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Louis Valois vs. Sébastien Évreux
Sat Jan 7, 2017 11:18 (XFF:,

Louis sighed as he sat down in the music room. That morning, he’d received an owl from his father, informing him that he would be joining the other society youths at the dunes that summer. For years, Louis had wished for the freedom that the other children and teenagers had, but his father had insisted on his son spending his time at home, citing his need to understand the family affairs. What sort of father expected an 11-year-old boy to come to grips with the business world? And now, Louis finally had his chance to gallivant off in the dunes with his peers, and all he wanted to do was stay in Paris. He didn’t want to spend his summer with stuck-up elitist society brats. He wanted to see JB, Manu and all his other muggle friends.

He was just starting a nice sulk about the whole situation when Sébastien Évreux strolled in rather inexplicably, looking surprised when he noticed the other occupant of the room. Since the holidays, Sébastien had been trying to avoid Louis, expecting some kind of a dressing-down from the other boy, but he wasn’t going to turn and flee. That would be cowardly, and nothing would convince Sébastien to look cowardly in front of Louis.

“Terribly sorry, Louis, didn’t see you there,” he smiled, attempting casual friendliness. Maybe Louis hadn’t actually been annoyed about Sébastien’s gossip-mongering? Acting as if nothing between them was wrong was at least worth a try.

“Oh, it’s you.” Louis looked up from his pile of sheet music. He was tired, for once not at his most polite, and definitely not happy to be confronted with Sébastien Évreux. “I never got round to thanking you for spreading those false rumours about me and Ingrid over the holidays,” he added, sarcastically. Louis had never been one to avoid confrontation.

“I'm sorry, I hadn’t realised that you two are still together,” apologised Sébastien snidely, knowing full well that had never been the case.

“We were never together, just friends, why can’t anyone understand that?” asked Louis, frustrated with how quickly everyone seemed to leap to that conclusion. Even his mother had seemed to think that he and Ingrid had a romantic relationship!

“Friends who don’t seem to spend so much time together anymore.” Intrigued as to what was actually going on between the two, Sébastien couldn’t resist probing further.

“No, well, friends who…who don’t always have to spend lots of time together.”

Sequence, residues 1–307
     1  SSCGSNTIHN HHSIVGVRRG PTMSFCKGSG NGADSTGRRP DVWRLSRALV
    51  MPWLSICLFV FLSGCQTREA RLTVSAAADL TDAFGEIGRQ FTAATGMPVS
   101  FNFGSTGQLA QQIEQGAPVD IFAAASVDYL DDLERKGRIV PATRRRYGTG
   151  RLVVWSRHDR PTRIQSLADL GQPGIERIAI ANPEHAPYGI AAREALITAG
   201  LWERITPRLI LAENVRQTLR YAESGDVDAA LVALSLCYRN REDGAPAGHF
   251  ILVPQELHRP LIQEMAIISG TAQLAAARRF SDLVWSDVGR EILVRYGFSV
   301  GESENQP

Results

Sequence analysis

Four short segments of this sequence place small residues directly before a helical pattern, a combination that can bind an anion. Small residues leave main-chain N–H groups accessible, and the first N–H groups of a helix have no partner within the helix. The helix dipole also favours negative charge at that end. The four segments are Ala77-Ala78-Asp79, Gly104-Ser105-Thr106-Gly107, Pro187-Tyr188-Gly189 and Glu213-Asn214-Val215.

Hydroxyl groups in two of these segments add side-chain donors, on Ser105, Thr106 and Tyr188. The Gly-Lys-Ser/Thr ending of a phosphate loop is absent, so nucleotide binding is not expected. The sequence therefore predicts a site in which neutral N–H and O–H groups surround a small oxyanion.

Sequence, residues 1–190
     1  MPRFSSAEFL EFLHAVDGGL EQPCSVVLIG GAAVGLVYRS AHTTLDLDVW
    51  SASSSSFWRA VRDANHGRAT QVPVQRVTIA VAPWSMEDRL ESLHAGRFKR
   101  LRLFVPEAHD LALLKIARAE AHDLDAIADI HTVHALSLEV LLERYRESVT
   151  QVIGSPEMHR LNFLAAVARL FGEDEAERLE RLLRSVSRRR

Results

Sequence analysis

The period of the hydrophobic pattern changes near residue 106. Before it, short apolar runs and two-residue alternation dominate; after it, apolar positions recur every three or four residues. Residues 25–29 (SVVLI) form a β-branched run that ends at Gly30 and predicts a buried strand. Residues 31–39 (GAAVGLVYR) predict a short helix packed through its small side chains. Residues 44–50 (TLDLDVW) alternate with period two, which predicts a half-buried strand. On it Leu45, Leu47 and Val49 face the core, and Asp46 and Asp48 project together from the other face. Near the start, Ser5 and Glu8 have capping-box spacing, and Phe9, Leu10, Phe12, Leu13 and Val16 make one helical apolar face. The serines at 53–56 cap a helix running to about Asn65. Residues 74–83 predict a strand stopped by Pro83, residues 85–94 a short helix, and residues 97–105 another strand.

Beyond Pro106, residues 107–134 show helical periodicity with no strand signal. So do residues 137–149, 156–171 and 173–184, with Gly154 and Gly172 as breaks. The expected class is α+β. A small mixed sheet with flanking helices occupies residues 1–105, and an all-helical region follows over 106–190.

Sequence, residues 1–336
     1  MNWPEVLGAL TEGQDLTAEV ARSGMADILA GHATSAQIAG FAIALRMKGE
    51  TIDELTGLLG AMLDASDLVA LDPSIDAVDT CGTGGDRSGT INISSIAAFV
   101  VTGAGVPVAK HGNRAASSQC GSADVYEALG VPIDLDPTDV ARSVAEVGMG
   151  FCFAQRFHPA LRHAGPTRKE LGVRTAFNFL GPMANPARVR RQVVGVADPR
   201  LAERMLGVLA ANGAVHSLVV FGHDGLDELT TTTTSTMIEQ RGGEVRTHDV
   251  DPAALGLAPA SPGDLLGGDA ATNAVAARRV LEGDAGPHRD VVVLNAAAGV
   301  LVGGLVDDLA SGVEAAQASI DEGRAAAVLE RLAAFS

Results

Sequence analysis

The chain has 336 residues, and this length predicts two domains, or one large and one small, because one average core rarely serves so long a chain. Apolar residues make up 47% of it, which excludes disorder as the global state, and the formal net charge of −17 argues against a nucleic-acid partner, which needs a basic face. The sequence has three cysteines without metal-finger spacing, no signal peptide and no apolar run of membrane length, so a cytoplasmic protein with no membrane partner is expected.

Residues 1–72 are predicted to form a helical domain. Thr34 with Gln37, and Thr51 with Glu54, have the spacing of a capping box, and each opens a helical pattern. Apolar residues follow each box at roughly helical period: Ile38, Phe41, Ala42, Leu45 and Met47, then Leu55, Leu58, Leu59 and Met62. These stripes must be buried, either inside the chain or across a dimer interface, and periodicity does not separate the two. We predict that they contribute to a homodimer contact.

Bastien was fed up with Louis’s idiocy. Surely he’d been through enough that he ought to know the entire story? For starters, his parents hadn’t been impressed when they’d found out he had completely made the story up, and then Madeleine had spent a good five minutes laughing at him when they returned to Sonora. Despite what everyone said, Sébastien knew his theory wasn’t too far off the mark. Something had happened, and he wasn’t going to put up with any more of Louis Valois’s nonsense.

“So, what was the problem, then?” There had to have been a problem. Louis and Ingrid were definitely not as close as you could expect, considering that they'd attended the ball together, and Sébastien was going to find out why. “Was Louis Valois not good enough for Miss Wolseithcrafte?”

“No- not- that’s not what it was at all,” Louis protested, knowing perfectly well that Bastien had actually provided a disturbingly good summary of the situation.

“Well, I suppose it’s hardly surprising,” continued Bastien. “Given the company you keep nowadays. Sharing a bedroom with a Newell, muggleborns on your Quidditch team, and even Emilia-Louise Scott isn’t the finest of company.”

Louis went red. That was not on! Sébastien was not allowed to just insult his friends like that. The younger boy definitely had a thing or two to learn about the world.

“I think you’ll find, Évreux, that there are more to people than just their social status,” he replied disdainfully.

Sébastien frowned. “I think you’ll find, Valois, that social status is actually the most important thing.”

“But why?” Louis asked, almost pleadingly, a sudden shift from his previous defensiveness. He was always given this response, and no one seemed prepared to satisfactorily justify their reasoning. “It makes absolutely no sense to judge somebody based on the family they were born into, or on their blood status.”

“I don’t see why you’re complaining,” retorted Bastien, scowling back at him. “You’ve been dealt a fairly good hand on both fronts. Surely you should be the one advocating social status and blood purity?”

Louis just looked at him coldly. He didn’t understand the younger boy. He didn’t like the younger boy, and Sébastien’s remarks were not helping.

“You see, Louis, some people are just better than other people,” explained Sébastien. “It won’t do the lower orders any good if we let them think that they can rise above their station and be better than us. It’s the natural order of things. It’s how the world works, Louis. You’ve just got to learn to take advantage of it.”

“Don’t call me Louis,” the older boy replied, seething. Who did Évreux think he was, to come in and start patronising Louis with all his rubbish about superiority? Frustrated that his time of relaxation had been interrupted with supremacist ideals, Louis stood up. He refused to participate in such a bigoted conversation.

“You’ll have to do better than that if you want to convince me.”

And that was that.

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